AOH :: ISN-2914.HTM

ID card fears as staff hack into Home Office database

ID card fears as staff hack into Home Office database
ID card fears as staff hack into Home Office database 


Office staff are hacking into the department's computers, putting at 
risk the privacy of 40million people in Britain.

The revelation undermines Government claims that sensitive information 
being collected for its controversial ID Cards scheme could not fall 
into criminal hands.

The security breaches occurred at the Identity and Passport Service, 
which is setting up the National Identity Register to provide access to 
individuals' health, financial and police records as part of the 
8billion ID card scheme scheduled to begin in 2008.

MPs and technology experts have expressed fears that the national 
register, which will store sensitive details of more than 40million 
people, will be a honeypot for hackers and identity thieves. Liberal 
Democrat Home Affairs spokesman Mark Hunter said: 'These revelations 
show it is folly to put all the precious personal data of our citizens 
in one place.'

Personal information about every British passport holder - including 
their date of birth, mother's maiden name, address and photographs - is 
already held in the IPS computers.

A Home Office spokesman last night confirmed the IPS security breaches. 
He also confirmed that three staff involved had been sacked and a fourth 
had resigned before disciplinary procedures had concluded.

The spokesman said none of the security breaches involved'hacking' by 
outside criminals, and a 'whole range of protocols and procedures' were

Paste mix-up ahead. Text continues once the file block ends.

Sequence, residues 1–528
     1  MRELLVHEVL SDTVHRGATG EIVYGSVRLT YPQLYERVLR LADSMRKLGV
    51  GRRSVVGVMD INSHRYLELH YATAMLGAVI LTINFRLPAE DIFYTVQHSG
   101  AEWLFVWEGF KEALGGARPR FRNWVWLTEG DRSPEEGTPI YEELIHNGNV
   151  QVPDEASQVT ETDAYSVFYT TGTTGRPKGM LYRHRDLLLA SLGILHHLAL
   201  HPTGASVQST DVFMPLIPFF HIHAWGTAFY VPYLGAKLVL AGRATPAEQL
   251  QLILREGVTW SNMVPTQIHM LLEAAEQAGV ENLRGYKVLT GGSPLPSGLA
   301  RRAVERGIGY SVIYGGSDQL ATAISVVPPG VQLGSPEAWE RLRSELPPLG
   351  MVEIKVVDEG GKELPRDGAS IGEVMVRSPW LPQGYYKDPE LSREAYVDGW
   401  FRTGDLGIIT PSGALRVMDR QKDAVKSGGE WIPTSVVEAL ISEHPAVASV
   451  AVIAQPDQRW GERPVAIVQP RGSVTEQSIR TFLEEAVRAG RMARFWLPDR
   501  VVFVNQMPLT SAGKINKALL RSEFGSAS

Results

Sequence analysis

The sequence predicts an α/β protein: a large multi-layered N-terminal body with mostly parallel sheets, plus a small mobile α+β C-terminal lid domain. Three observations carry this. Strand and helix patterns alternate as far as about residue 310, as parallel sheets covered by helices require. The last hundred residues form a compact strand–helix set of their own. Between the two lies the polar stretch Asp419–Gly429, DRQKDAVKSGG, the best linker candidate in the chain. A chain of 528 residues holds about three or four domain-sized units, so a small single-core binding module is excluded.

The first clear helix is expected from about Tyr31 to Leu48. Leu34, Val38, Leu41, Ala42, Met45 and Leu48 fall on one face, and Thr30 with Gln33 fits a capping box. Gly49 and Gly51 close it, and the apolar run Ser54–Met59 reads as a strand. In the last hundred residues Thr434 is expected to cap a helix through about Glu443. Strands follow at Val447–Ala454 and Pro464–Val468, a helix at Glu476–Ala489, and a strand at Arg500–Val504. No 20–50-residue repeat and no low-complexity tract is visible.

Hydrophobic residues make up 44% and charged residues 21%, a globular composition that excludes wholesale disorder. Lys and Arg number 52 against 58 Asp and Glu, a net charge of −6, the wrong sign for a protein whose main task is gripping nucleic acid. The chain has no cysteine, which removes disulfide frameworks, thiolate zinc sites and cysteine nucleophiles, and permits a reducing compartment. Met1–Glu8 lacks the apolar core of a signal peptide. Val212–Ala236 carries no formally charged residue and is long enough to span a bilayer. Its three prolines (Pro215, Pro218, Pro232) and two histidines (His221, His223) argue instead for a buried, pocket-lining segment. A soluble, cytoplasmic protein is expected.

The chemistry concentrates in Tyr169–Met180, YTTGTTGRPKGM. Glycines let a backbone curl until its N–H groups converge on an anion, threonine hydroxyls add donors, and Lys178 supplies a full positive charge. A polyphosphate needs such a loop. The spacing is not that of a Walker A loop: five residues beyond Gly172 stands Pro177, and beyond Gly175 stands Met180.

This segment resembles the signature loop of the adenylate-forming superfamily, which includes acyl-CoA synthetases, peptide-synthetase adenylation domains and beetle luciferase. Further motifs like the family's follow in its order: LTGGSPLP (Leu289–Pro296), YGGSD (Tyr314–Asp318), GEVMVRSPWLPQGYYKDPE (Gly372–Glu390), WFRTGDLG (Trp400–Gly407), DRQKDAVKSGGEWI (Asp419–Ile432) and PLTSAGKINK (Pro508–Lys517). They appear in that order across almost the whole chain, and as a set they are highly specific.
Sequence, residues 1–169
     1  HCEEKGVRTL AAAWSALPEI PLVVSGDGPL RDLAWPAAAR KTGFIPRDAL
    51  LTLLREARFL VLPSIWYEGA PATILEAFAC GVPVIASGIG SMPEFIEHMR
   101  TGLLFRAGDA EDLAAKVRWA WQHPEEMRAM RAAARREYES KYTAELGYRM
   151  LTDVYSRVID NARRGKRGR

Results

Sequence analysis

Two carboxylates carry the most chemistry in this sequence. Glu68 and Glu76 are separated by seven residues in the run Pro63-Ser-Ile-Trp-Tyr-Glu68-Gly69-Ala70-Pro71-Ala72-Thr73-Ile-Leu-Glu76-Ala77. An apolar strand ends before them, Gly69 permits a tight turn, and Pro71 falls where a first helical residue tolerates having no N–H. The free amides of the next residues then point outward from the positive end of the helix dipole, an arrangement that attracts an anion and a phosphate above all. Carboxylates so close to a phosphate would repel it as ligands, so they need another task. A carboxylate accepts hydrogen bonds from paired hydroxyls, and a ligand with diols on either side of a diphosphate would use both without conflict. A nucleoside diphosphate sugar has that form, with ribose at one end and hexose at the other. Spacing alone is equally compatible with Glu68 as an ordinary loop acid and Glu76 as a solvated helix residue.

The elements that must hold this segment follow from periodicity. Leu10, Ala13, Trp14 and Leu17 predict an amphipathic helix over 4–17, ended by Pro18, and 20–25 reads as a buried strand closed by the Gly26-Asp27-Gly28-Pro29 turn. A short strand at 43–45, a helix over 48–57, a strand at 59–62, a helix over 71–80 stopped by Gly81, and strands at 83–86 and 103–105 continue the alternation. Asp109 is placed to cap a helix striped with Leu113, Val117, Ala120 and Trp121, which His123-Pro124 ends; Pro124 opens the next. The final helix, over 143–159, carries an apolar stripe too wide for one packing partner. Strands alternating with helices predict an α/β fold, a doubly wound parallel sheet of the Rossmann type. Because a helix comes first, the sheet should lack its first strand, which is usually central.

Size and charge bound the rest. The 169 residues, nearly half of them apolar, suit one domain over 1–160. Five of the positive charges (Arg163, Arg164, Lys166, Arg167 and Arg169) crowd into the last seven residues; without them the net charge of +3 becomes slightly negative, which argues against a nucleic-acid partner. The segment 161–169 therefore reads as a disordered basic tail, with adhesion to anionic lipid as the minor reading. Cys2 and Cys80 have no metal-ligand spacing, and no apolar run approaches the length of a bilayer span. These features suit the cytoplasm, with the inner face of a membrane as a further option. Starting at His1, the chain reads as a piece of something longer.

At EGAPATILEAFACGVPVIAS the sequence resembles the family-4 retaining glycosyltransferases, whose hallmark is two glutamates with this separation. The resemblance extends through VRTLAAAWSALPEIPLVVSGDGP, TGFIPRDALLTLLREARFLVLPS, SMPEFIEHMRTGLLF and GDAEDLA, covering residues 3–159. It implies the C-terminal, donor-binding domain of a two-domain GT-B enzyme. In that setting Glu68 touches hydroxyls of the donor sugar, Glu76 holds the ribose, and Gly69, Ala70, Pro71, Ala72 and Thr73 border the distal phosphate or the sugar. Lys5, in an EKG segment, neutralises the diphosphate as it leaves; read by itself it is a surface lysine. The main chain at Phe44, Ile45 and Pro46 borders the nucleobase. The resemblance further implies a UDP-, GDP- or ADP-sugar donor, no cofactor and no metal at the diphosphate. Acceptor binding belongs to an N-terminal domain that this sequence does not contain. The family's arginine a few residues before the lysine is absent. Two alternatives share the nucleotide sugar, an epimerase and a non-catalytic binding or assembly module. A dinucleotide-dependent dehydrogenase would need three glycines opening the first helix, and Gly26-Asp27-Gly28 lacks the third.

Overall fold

in place to protect Home Office databases from unauthorised staff use.

He said: 'System checks are routinely carried out and any violation is 
dealt with severely.'

The spokesman added that the ID Cards database would be a 'completely 
different' system.

Home Office figures show that the department's databases have been 
successfully penetrated on average once a year since 2001.

Four of these security failures were at databases maintained by the IPS, 
an executive agency of the Home Office created in April.

Computer experts warn that more security breaches are likely to have 
gone undetected.

Phil Booth, of the NO2ID campaign, said government databases would 
always be vulnerable to unscrupulous staff.

'That these breaches have taken place in the very agency that is 
supposed to be protecting the identities of every citizen in this 
country is a damning indictment of the current system,' he said.

'But when you consider that this agency will be running the ID card 
scheme, it's truly terrifying.'

John Tullett, the technology editor of Secure Computing magazine, said 
the Home Office would be 'naive' to assume that the total of recorded 
breaches reflects the real number of security violations at the 

He said: 'The trend in IT crime is towards "silent" breaches where very 
competent criminals get into a system and cover their tracks so they can 
get in again in future, all without the victim ever knowing.'

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